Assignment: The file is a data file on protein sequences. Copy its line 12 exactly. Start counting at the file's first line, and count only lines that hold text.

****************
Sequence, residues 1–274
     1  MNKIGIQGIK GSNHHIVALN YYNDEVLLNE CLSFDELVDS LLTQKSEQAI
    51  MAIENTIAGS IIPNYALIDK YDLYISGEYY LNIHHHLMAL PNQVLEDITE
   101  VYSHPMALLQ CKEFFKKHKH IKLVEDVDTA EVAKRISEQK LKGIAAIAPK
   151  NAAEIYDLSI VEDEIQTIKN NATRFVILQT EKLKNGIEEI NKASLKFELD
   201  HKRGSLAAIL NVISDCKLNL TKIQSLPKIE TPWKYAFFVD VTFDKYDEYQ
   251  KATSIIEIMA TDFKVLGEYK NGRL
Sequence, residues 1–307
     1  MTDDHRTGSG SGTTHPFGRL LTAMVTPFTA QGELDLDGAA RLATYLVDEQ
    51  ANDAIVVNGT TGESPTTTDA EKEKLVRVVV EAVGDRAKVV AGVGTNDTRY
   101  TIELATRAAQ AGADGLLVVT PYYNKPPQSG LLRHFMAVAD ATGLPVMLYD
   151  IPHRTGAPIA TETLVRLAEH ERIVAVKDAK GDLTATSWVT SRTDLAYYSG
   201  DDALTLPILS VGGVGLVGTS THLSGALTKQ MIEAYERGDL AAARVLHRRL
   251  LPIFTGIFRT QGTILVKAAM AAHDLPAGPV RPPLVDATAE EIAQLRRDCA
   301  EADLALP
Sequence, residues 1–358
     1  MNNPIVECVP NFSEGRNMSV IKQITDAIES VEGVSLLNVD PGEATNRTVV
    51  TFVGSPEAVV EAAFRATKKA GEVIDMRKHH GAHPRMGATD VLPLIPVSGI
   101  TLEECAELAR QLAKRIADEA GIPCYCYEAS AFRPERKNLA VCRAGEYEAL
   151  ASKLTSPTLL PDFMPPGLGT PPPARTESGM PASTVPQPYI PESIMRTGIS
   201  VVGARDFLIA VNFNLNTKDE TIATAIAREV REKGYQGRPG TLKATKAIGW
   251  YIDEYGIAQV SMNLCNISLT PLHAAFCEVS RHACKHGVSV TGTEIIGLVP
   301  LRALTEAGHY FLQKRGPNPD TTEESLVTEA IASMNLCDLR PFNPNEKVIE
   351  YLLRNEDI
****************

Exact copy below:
   151  IPHRTGAPIA TETLVRLAEH ERIVAVKDAK GDLTATSWVT SRTDLAYYSG